In December, we woke up about 6am and headed to town for the Processions of 10,000 monks. As the name would suggestion, the event features 10,000 plus monks who walk down the street and receive alms from the attendees.
We arrived to parking lots packed with scooters and the street barricaded for the event. If there were 10,000 monks there, then there were easily double that for attendees. We passed the barricades and saw vendors selling care-packages for the monks. As we had arrived empty-handed, we bought some care-packages which consisted of instant noodles, cereal, water and coffee packets. (This would not be the last of the general “garbage” food distributed to the monks. I would later be amused by the woman distributing sticks of sugar but then again, here, sugar is a necessity.)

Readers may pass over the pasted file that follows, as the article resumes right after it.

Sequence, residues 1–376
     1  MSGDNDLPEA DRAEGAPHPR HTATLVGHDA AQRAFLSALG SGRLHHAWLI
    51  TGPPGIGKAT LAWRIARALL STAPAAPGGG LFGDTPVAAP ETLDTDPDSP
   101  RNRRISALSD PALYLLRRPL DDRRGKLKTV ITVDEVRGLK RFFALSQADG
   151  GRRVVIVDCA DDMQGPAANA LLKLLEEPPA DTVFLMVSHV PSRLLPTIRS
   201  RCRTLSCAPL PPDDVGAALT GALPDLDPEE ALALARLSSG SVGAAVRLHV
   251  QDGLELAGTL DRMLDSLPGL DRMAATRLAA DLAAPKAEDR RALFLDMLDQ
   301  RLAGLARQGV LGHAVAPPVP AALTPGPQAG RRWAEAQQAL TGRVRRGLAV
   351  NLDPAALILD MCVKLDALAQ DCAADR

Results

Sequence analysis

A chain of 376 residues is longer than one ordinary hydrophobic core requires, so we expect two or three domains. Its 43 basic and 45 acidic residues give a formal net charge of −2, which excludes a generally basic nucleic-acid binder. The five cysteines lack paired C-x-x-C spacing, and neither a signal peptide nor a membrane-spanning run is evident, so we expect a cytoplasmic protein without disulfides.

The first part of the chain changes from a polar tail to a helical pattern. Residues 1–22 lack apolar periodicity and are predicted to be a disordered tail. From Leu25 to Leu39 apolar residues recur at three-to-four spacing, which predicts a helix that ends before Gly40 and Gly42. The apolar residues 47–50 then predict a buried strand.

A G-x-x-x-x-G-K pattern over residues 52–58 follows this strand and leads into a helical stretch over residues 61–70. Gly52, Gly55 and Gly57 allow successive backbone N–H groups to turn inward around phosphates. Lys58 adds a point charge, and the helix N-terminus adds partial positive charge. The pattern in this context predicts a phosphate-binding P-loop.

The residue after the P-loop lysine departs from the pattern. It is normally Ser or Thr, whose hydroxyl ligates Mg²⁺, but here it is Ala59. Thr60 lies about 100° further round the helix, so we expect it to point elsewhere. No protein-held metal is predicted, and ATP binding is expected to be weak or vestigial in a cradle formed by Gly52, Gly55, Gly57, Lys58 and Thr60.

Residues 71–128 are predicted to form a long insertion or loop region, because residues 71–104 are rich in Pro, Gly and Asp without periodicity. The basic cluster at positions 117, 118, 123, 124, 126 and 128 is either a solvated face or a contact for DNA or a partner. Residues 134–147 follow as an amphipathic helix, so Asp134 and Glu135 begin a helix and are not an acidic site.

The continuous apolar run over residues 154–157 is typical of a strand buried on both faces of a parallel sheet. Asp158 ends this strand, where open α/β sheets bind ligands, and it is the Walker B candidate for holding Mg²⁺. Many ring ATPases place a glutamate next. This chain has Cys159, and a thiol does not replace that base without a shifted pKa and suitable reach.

The street was lined with people to either side of the long “carpet” that ran down the middle of the road. It was striped red and white and the monks would soon be walking on the red strips. The white strips would be for the attendants with large bags for the monks to distribute the alms they had received from their bowls into.
After a few hours of chanting, the monks appeared walking down the carpet, about 8am. That began the sea of orange robes worn by monks of all ages from the older disciples to the young initiates. It also began the monk’s version of a house of cards as they balanced more and more items in their bowls until they could reach an attendant to dump the items and begin again. I saw a man with a bag of eggs that I was very curious how he was going to distribute but didn’t get to see. The typical items were more instant noodles, coffee, or other packaged food. After watching the sea of monks pass for a bit, I finally moved into position to give my measly offerings before we headed out.
It was definitely worth waking up for and should I ever be in Chiang Mai again for it, I’ll be sure we actually bring the battery for the SLR camera.